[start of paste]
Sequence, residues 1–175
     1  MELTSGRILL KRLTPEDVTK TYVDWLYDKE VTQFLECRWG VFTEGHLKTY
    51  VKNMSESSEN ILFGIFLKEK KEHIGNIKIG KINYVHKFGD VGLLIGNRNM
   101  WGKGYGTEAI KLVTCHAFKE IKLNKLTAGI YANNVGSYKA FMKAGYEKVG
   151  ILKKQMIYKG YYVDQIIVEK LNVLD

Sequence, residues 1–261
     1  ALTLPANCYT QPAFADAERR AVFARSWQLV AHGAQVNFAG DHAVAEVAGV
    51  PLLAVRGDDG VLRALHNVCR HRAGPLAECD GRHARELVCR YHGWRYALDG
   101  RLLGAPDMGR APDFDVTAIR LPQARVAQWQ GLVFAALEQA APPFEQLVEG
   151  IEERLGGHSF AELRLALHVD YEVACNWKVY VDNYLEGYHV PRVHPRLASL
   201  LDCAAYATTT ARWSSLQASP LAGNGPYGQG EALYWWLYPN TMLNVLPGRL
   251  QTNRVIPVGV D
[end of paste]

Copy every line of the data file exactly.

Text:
Sequence, residues 1–175
     1  MELTSGRILL KRLTPEDVTK TYVDWLYDKE VTQFLECRWG VFTEGHLKTY
    51  VKNMSESSEN ILFGIFLKEK KEHIGNIKIG KINYVHKFGD VGLLIGNRNM
   101  WGKGYGTEAI KLVTCHAFKE IKLNKLTAGI YANNVGSYKA FMKAGYEKVG
   151  ILKKQMIYKG YYVDQIIVEK LNVLD

Sequence, residues 1–261
     1  ALTLPANCYT QPAFADAERR AVFARSWQLV AHGAQVNFAG DHAVAEVAGV
    51  PLLAVRGDDG VLRALHNVCR HRAGPLAECD GRHARELVCR YHGWRYALDG
   101  RLLGAPDMGR APDFDVTAIR LPQARVAQWQ GLVFAALEQA APPFEQLVEG
   151  IEERLGGHSF AELRLALHVD YEVACNWKVY VDNYLEGYHV PRVHPRLASL
   201  LDCAAYATTT ARWSSLQASP LAGNGPYGQG EALYWWLYPN TMLNVLPGRL
   251  QTNRVIPVGV D